Basic Usage

Feat handles continuous, categorical and boolean data types, as well as sequential (i.e. longitudinal) data. By default, FEAT will attempt to infer these data types automatically from the input data. The user may also specify types in the C++ API.

Typical use case

For traditional ML tasks, the user specifies data and trains an estimator like so:


from feat import Feat

#here's some random data
import numpy as np
X = np.random.rand(100,10)
y = np.random.rand(100)

est = Feat(),y)

Note that, in python , as in sklearn, FEAT expects X to be an \(N \times D\) numpy array, with \(N\) samples and \(D\) features. y should be 1d numpy array of length \(N\) .


#include "feat.h"
using FT::Feat;
#include <Eigen/Dense>

// feed in some data
Eigen::MatrixXd X(7,2);
X << 0,1,
     0.84147098,  0.54030231,
     0.99749499,  0.0707372,
     0.90929743, -0.41614684,
     0.59847214, -0.80114362,

Eigen::VectorXd y(7);
y << 3.0,  3.59159876,  3.30384889,  2.20720158,  0.57015434,
         -1.20648656, -2.68773747;
// train
Feat est;,y);

In c++ , FEAT expects X to be transposed, i.e., a \(D \times N\) Eigen MatrixXd . y should be an Eigen VectorXd of length \(N\) .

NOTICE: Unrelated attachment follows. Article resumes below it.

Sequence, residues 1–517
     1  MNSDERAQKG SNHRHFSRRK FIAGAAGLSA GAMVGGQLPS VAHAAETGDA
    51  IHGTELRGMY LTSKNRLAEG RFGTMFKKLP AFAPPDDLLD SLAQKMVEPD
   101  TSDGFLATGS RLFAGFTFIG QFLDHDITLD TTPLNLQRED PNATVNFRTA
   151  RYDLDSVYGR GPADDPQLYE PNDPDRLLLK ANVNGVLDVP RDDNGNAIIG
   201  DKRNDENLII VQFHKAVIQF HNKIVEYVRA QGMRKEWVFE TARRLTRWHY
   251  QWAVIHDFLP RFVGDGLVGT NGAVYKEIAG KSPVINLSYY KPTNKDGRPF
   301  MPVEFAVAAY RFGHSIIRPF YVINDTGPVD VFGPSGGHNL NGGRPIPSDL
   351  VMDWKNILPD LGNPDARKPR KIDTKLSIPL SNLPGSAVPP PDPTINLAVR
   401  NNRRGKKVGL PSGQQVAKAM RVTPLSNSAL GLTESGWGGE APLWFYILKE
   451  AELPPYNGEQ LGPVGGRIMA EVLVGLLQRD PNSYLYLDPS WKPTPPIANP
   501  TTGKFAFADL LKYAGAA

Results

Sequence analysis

Command line

FEAT can learn from a .csv or .tsv file. In those cases, the target column must be labelled one of the following:

  • class

  • target

  • label

To use tab-separated data, specify -sep \\t at the command line.

If you want to load your own data in a c++ script, you can use Feat’s built-in load_csv function.

#include "feat.h"
// variables
string dataset = "my_data.csv";
MatrixXd X;
VectorXd y;
vector<string> names;
vector<char> dtypes;
bool binary_endpoint=false; // true for binary classification
char delim = ',';   // assuming comma-separated file
// load the data

Now X and y will have your data, and feat will know its types and the names of the variables.

Longitudinal data

Longitudinal data is handled by passing a file of longitudinal data with an identifier that associates each entry with a row of X . The longitudinal data should have the following format:









Each measurement has a unique identifier ( id ), an integer date , a string name , and a value .

The ids are used to associate rows of data with rows/samples in X . To do so, the user inputs a numpy array of the same length as X , where each value corresponds to the id value in the longitudinal data associated with that row of X .

For example,

zfile = 'longitudinal.csv'
ids = np.array([1, ...]),y,zfile,ids)

This means that id=1 associates all data in Z with the first row of X and y .

See here for an example.